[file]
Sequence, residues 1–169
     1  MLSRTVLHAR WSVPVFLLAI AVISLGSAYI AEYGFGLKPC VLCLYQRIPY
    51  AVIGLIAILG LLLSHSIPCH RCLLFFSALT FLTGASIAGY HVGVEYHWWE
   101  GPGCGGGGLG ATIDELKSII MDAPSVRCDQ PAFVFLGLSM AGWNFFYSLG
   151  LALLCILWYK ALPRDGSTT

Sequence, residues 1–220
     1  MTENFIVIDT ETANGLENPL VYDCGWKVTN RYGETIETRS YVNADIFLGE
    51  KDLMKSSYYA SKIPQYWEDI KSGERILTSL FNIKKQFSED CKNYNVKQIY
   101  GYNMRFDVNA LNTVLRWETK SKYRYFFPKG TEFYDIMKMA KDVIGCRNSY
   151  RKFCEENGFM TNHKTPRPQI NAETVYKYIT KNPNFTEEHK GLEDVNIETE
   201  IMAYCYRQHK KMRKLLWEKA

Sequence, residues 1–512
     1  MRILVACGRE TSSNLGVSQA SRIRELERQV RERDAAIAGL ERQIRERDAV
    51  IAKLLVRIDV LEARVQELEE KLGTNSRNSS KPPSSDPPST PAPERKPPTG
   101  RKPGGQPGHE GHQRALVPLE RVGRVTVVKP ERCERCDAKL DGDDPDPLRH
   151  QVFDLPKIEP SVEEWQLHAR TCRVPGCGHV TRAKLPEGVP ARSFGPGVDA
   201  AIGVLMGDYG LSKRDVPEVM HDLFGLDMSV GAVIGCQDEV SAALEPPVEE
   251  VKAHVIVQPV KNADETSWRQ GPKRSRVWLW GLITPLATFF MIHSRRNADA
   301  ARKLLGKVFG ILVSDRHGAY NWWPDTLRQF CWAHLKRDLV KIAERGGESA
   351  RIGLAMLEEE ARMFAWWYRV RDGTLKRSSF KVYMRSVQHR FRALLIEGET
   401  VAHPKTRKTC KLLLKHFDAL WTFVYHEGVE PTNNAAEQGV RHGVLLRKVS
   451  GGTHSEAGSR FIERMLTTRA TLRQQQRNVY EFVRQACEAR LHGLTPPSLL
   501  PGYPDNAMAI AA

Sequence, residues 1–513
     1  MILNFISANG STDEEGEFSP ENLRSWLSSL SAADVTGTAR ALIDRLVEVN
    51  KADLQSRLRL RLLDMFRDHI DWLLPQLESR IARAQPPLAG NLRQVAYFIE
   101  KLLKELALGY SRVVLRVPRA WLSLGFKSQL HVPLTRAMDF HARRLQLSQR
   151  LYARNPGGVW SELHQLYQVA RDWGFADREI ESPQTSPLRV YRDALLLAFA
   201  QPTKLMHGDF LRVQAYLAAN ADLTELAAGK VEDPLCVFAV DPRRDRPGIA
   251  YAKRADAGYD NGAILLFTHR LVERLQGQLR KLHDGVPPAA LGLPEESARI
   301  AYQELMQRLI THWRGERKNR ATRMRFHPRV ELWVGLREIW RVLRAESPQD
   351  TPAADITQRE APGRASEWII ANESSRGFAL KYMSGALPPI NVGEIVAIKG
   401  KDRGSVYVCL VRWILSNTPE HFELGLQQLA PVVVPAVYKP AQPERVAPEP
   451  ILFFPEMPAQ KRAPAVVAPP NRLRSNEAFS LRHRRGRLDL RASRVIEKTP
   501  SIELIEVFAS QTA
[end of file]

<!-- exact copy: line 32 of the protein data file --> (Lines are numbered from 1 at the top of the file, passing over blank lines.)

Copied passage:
   351  TPAADITQRE APGRASEWII ANESSRGFAL KYMSGALPPI NVGEIVAIKG